Former residents of the Chagos Islands who were forcibly removed from their homeland more than 40 years ago have lost their latest legal challenge at the Supreme Court.
The islanders went to the Supreme Court a year ago to contest a 2008 decision by the House of Lords, which ruled that the exiles could not return to their native islands in the Indian Ocean.
Olivier Bancoult, the Chagossian leader who has been fighting in the courts on behalf of the exiles, argued that the three-to-two majority ruling in favour of the foreign secretary should be set aside, and insisted that the decision was "not the end of the road".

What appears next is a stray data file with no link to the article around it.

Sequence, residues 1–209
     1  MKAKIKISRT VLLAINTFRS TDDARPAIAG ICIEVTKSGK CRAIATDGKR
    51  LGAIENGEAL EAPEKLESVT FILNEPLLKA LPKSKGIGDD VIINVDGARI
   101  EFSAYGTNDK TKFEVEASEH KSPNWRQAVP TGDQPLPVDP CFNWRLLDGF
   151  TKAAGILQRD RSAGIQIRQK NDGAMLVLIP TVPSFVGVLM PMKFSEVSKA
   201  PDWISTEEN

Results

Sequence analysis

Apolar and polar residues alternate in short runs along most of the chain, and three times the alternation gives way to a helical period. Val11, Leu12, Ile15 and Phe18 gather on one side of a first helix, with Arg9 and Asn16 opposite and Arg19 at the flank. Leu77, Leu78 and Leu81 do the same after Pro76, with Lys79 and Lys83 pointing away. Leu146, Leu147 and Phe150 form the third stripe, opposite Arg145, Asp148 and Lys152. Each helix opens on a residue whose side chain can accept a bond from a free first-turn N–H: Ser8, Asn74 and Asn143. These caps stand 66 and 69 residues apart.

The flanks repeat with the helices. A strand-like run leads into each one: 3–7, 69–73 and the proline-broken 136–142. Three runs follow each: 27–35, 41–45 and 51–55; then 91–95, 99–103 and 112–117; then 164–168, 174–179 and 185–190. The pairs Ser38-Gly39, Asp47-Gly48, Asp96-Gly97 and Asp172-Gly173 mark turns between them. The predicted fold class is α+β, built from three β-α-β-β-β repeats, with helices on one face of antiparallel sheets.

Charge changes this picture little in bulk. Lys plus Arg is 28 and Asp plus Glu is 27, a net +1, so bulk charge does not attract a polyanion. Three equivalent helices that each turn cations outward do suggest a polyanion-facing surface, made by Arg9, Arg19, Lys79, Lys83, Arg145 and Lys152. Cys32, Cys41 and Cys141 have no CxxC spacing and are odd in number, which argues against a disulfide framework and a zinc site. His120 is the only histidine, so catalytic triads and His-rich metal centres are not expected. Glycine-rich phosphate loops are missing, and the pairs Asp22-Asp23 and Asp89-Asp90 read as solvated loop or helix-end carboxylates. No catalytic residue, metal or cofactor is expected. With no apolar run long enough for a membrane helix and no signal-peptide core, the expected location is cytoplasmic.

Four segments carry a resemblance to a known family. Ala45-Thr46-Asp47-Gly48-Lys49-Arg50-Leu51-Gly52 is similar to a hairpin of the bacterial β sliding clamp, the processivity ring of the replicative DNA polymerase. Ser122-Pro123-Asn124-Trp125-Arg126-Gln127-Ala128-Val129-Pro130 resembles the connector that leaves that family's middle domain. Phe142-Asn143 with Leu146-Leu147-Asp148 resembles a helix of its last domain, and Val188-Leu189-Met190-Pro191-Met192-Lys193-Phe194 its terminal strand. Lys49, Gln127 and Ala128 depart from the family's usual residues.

A panel of five justices was told that the Law Lords' majority relied heavily on a 2002 feasibility study into the resettlement of the islanders.
The study said life in the region would be precarious and the costs of long-term inhabitation of the outer islands would be prohibitive.
The islanders were forced to leave their homes in the 1960s and 1970s to make way for a US Air Force base on the largest island of the Chagos archipelago, Diego Garcia.
The last residents of the British colony were removed in May 1973.
The courts later ruled that the Chagossians could return to 65 of the islands, but not to Diego Garcia.
In 2004, the government used the royal prerogative to nullify the rulings, but this was overturned by the High Court and Court of Appeal.
The government then went to the House of Lords to argue that allowing the islanders to return would seriously affect defence and security.
The cause of the Chagos islanders has been backed by high-profile names such as Amal Clooney and Ben Fogle, who said that the treatment of the exiles made him "ashamed to be British".